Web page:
Stem cells can be differentiated into many types of mature cells. Among degenerative diseases, type 1 diabetes mellitus (T1DM) is considered to be a good target disease for stem cell therapeutic application. Indeed, several studies have suggested that stem cells can be differentiated, both in vitro and in vivo, into beta cells which regenerate the pancreas. However, recent studies have shown that stem cell therapy can also provide benefits for type 2 diabetes mellitus (T2DM), which is not related to beta cell degeneration in the pancreas. This commentary will discuss the opportunity to use mesenchymal stem cells (MSCs) to treat T2DM, citing various stem cell therapies from recent published studies. Indeed, a current report “Expanded autologous adipose derived stem cell transplantation for type 2 diabetes mellitus, Biomedical Research and Therapy, 3(12): 1034-1044” evaluated and confirmed the positive effects of stem cell transplantation for blood glucose regulation in T2DM.

T1DM versus T2DM

Diabetes mellitus (DM) is a metabolic disease that causes the accumulation of high glucose levels in the blood. Patients with DM usually exhibit particular symptoms, including frequent urination, increased thirst and increased hunger (in the early phase of the disease), and complications such as diabetic ketoacidosis, non-ketotic hyperosmolar coma, heart disease, stroke, chronic kidney failure, foot ulcers and damage to the eyes (in the late phase). The high blood glucose level in DM patients relates to reduction of insulin; beta cells in the pancreas cannot produce enough insulin for usage or cells in the body cannot properly respond to insulin.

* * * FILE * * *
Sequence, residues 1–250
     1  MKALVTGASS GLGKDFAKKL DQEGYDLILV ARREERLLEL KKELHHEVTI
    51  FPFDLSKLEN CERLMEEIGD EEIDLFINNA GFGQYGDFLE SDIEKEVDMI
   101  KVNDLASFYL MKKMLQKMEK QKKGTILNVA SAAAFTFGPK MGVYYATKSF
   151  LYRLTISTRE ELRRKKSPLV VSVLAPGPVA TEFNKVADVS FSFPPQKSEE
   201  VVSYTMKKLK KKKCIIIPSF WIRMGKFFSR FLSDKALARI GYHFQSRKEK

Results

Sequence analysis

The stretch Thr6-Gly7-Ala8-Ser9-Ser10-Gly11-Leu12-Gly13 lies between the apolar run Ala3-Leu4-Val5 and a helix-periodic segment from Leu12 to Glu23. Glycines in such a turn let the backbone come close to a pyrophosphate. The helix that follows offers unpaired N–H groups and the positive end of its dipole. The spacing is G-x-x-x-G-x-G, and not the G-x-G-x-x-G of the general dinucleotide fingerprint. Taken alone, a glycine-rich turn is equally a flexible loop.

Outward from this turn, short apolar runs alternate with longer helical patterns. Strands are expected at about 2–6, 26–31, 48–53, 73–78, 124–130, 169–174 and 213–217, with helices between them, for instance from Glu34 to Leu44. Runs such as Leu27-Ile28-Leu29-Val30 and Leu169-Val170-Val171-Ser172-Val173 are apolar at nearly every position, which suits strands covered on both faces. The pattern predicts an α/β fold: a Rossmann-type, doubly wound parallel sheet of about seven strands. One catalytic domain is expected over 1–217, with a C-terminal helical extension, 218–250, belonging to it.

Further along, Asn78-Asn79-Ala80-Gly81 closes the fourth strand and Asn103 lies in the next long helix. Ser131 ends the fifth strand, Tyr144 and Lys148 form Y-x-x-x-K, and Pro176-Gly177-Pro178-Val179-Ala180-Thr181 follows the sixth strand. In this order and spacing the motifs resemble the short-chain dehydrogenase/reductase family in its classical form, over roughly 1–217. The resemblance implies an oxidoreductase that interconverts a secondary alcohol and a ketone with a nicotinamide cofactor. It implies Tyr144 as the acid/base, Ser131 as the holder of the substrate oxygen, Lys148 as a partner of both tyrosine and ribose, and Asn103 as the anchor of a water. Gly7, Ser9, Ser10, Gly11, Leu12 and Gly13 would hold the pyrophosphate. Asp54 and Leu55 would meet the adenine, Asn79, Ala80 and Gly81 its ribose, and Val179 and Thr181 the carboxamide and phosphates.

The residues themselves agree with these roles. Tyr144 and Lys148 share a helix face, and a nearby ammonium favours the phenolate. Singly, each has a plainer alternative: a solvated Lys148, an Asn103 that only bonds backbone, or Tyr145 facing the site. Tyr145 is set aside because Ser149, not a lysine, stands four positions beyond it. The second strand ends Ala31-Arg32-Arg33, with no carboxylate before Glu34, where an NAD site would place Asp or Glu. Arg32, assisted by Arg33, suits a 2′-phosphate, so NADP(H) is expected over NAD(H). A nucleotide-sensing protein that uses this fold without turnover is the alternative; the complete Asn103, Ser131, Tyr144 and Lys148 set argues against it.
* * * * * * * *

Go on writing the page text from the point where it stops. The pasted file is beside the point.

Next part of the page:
Based on differences in mechanisms, DM can be classified into 2 main types: Type 1 DM (T1DM) and Type 2 DM (T2DM). T1DM results when beta cells cannot produce enough insulin for cells of the body. This condition is considered akin to an autoimmune disease since beta cells are destroyed by the immune system. T1DM is common in children and, therefore, is also known as juvenile diabetes. T2DM is different from T1DM in that the beta cells of T2DM patients are able to produce enough insulin; however, the cells of the body cannot use this form of insulin and are said to be “insulin resistant”. Since T2DM is not related to insulin; it is regarded as a non-insulin dependent diabetes mellitus.

T1DM, as a degenerative disease, has rapidly attracted stem cell scientists to develop new stem cell based approaches in attempts to treat it. Indeed, T1DM has been viewed by two different perspectives, including as a degenerative disease which lacks beta cells and as an autoimmune disease in which the immune system attacks the beta cells. For this first strategy, both stem cells and insulin-producing cells differentiated from stem cells were used to treat T1DM in both preclinical trials and clinical trials Xv et al., 2016.

T2DM treatment by stem cell transplantation